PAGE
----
Arlington — The coronavirus pandemic has claimed the lives of more than half a million people in the United States, but the opening match of the new Major League Baseball campaign at Globe Life Field, was the occasion for fans of the so-called ‘king of the Sports’ will return to the stadium to celebrate every pitch, every hit and every home run of the new season.
The Texas Rangers allowed 40,158 fans into the first game at their home on Monday.
“I waited a year to be here, I was not going to miss opening day for any reason, I am a super fan of the Rangers,” said Ruby Ruvalcaba, a third grade teacher from the Irving school district.
The 30-year-old, who was accompanied by her two-year-old daughter and 54-year-old mother-in-law, said the pandemic was not going to stop her from being present at the stadium and supporting her beloved Rangers.
“I have mixed feelings; It can be risky to be here, but I really hope that nothing happens to us, ”he said.
Monday’s game against the Toronto Blue Jays represented the largest gathering of people to witness a sporting event since the worst health crisis in 100 years erupted in March last year.
The stadium bleachers were crowded so that social distancing, a key factor to prevent the spread of covid-19, was non-existent, although the retractable roof of the stadium remained open all day.
The protocol guide for sporting events established by the Centers for Disease Control and Prevention of the United States (CDC) indicates that there must be a space of six feet (two meters) of distance between people as a measure to prevent contagion.
In the interior corridors of the stadium, fans lined up in long lines to buy hot dogs or a beer, but at no time was it appreciated that there was an appropriate distance between people.
In the store where Rangers caps, uniforms, T-shirts and all kinds of memorabilia are sold, a crowd rushed at the cash registers to pay for their purchases without any social distancing.
The Major League Baseball season kicked off on April 1 and no other team has opened their stadium to 100% capacity, except the Texas Rangers.
Texas Gov. Greg Abbott ruled that face masks were not required, although the Rangers asked fans to wear masks at all times, except when ingesting drinks or food.
“It’s not a baseball game unless we eat and drink at that game,” he said to The Dallas Morning News Erin Carlson, director of graduate programs in public health at the University of Texas at Arlington and a longtime Rangers fan.
“So putting a requirement to wear face masks for a stadium is a perfectly noble intention, but the reality is that fans will not wear face masks in the stadium because the stadium experience involves eating and drinking throughout the game. So we will be without a mask and sitting inches apart from each other while we shout and sing, ”he explained.
“That’s a high-risk activity, I’d say,” Carlson said.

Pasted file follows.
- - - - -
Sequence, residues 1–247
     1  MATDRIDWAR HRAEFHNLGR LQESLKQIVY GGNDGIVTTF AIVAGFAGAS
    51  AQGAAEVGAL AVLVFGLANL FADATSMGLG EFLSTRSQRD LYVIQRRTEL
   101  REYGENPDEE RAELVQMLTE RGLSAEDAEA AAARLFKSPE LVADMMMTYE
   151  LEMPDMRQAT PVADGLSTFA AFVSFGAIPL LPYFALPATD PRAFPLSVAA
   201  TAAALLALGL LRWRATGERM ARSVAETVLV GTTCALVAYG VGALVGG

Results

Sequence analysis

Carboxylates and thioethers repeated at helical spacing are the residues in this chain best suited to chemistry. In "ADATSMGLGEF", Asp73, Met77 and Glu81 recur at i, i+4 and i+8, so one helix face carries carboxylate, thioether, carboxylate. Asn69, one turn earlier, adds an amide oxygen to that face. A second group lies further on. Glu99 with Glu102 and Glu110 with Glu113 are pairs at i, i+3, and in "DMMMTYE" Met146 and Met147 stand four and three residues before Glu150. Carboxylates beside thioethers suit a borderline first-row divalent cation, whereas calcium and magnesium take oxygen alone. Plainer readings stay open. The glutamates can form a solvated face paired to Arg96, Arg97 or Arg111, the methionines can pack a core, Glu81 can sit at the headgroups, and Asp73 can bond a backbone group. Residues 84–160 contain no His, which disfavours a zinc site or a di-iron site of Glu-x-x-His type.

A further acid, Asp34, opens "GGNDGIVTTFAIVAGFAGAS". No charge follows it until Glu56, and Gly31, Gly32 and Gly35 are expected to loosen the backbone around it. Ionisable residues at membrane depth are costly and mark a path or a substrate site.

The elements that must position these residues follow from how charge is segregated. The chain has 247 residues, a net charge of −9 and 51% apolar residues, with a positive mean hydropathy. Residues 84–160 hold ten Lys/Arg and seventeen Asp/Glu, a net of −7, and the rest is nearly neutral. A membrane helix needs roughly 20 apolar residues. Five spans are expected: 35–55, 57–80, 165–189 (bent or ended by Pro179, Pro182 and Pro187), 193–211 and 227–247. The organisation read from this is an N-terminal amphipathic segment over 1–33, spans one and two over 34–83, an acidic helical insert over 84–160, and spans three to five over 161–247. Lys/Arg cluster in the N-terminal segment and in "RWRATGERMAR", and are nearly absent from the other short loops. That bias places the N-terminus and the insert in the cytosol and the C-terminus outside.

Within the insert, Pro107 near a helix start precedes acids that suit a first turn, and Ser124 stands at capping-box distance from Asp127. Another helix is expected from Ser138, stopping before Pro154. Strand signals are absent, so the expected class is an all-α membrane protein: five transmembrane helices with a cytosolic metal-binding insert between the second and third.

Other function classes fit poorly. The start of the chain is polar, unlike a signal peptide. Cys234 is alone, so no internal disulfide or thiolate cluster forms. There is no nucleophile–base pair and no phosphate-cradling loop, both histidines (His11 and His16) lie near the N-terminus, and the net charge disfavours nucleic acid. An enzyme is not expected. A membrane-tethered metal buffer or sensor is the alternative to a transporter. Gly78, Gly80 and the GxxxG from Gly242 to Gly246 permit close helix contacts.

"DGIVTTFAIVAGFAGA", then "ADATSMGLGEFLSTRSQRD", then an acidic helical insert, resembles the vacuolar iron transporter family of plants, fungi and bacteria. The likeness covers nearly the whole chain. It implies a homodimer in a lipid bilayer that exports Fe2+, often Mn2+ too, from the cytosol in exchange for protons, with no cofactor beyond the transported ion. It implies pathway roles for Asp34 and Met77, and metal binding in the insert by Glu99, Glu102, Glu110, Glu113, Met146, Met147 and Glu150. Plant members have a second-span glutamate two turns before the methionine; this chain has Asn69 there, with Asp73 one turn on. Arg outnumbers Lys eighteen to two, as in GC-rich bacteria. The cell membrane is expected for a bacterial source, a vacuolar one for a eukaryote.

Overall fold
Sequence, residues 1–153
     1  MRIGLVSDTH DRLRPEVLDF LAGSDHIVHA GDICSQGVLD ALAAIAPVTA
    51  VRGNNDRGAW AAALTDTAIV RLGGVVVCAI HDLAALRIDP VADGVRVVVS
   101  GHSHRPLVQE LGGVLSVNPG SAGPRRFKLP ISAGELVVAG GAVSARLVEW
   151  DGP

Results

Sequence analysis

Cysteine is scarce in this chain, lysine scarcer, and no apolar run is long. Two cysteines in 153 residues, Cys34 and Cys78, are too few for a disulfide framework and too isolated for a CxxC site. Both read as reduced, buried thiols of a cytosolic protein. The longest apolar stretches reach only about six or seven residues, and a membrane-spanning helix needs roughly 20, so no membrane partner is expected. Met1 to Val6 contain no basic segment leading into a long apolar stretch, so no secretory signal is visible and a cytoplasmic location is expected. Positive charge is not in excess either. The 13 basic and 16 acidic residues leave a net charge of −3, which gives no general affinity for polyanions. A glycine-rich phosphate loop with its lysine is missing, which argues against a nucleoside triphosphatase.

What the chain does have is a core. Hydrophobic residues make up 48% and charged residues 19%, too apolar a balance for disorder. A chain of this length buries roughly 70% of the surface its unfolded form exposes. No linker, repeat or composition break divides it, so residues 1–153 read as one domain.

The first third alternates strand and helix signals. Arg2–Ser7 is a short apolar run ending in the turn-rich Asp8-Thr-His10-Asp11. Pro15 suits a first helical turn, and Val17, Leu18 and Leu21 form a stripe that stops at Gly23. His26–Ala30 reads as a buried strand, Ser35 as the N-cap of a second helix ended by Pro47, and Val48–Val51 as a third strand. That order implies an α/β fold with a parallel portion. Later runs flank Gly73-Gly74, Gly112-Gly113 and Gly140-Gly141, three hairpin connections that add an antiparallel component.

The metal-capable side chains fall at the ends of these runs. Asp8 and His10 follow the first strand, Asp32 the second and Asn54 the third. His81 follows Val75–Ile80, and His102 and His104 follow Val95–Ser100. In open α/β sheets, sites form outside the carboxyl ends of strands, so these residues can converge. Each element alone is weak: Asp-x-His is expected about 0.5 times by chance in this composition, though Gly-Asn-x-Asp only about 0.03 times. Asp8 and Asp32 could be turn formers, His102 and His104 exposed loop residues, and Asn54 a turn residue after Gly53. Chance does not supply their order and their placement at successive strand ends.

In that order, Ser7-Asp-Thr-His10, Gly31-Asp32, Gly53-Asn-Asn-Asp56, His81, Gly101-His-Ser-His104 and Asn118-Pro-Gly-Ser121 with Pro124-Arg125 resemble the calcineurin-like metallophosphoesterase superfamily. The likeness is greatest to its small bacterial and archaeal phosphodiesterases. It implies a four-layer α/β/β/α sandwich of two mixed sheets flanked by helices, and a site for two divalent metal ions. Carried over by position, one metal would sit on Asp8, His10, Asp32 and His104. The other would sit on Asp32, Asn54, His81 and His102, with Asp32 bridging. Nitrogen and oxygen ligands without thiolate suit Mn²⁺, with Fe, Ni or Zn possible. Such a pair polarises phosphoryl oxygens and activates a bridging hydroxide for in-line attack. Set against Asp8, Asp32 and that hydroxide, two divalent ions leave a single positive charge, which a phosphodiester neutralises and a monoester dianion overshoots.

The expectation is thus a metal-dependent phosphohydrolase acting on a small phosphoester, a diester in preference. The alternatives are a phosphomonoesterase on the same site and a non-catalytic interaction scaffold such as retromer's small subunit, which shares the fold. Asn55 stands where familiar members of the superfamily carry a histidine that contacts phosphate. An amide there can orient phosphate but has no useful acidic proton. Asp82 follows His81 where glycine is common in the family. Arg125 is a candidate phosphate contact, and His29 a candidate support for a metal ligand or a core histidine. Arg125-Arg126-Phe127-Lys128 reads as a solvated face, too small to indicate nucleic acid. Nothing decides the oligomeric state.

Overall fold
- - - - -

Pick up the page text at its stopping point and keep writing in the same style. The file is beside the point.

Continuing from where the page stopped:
Since the pandemic broke out, no sporting arena has received the number of fans who came to Monday’s baseball game at Globe Life Field.
In July of last year, Bristol Motor Speedway hosted 30,000 fans to witness a NASCAR race in an oval that can hold up to 140,000 people.
During last season’s games, the Dallas Cowboys allowed up to 30,000 fans at AT&T Stadium, which can seat more than 80,000 people.
Attendees at the Bristol Oval and AT&T Stadium dwarfed the 40,158 fans who packed the Rangers’ home to full capacity on Monday.
US President Joe Biden said last week that allowing Globe Life Field to sell out was a “mistake” and called the move “irresponsible.”
“I understand what the President means, but I respectfully disagree with him,” said Giovani Quirarte, a Rangers fan who turned up at Globe Life Field on Monday.
“Less and less people are infected, we already have vaccines available and the truth is that what people already want is to break the cycle of the pandemic and return to normality,” said the 30-year-old man who lives in Fort Worth.
Last year, the Rangers’ 30 home games were played without fans in the stadium due to the covid-19 pandemic.
While fans were able to participate in the National League Championship Series and the World Series, Monday’s game was the first of the regular season that fans were able to attend a Rangers game at Globe Life Field.
The Rangers decided to open their stadium to 100% of its capacity based on the downward trend – compared to numbers during the winter – that have shown the cases of contagion by covid-19 in North Texas, in addition to that every day more people have received the vaccine to counteract the virus.
“As excited as we are to welcome Rangers fans to the stadium, our organization also understands that we are still in the midst of a global pandemic and that this is not the time to move away from the protocols that we have implemented. the last 12 months, “Rangers Executive Vice President Rob Matwick said in a news conference he held last week.
“Despite the challenges posed by the pandemic, there is a safe, responsible way to run events. We hope to do so, but we also understand that everyone’s cooperation is needed for it to be successful, ”commented the manager.
According to a survey conducted by The Washington Post and the University of Maryland, 42% percent of sports fans feel safe attending stadiums to witness sporting events amid the pandemic.
40% said they did not feel comfortable and 18% were undecided.
The number of people confident in attending sporting events shoots up to 66% when the games are held in open-air stadiums, according to the survey.
“I’m not afraid to be here,” said Quitarte, the Rangers fan, who along with 40,000 other fans seems to have put the chapter on the pandemic in the past.